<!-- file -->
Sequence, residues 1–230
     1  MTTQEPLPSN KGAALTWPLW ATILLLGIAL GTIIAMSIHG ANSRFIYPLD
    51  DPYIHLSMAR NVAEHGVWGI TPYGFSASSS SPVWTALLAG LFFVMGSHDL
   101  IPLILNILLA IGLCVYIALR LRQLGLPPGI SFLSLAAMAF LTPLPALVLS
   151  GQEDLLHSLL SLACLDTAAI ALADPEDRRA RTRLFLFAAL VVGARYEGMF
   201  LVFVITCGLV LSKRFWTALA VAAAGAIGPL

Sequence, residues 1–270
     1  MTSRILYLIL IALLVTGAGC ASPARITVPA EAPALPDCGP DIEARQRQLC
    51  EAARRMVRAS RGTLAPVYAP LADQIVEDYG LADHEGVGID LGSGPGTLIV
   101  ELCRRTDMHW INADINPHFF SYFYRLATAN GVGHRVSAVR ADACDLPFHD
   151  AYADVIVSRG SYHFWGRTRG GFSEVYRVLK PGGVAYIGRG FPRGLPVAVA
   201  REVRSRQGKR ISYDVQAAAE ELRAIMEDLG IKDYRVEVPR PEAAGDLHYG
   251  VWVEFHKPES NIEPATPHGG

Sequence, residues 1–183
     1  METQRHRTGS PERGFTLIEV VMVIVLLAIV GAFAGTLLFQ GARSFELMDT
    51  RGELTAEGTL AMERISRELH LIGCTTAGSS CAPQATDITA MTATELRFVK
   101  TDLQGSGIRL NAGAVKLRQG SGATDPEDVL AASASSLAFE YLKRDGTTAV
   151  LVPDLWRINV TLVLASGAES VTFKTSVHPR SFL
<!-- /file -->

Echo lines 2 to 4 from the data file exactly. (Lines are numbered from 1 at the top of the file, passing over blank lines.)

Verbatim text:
     1  MTTQEPLPSN KGAALTWPLW ATILLLGIAL GTIIAMSIHG ANSRFIYPLD
    51  DPYIHLSMAR NVAEHGVWGI TPYGFSASSS SPVWTALLAG LFFVMGSHDL
   101  IPLILNILLA IGLCVYIALR LRQLGLPPGI SFLSLAAMAF LTPLPALVLS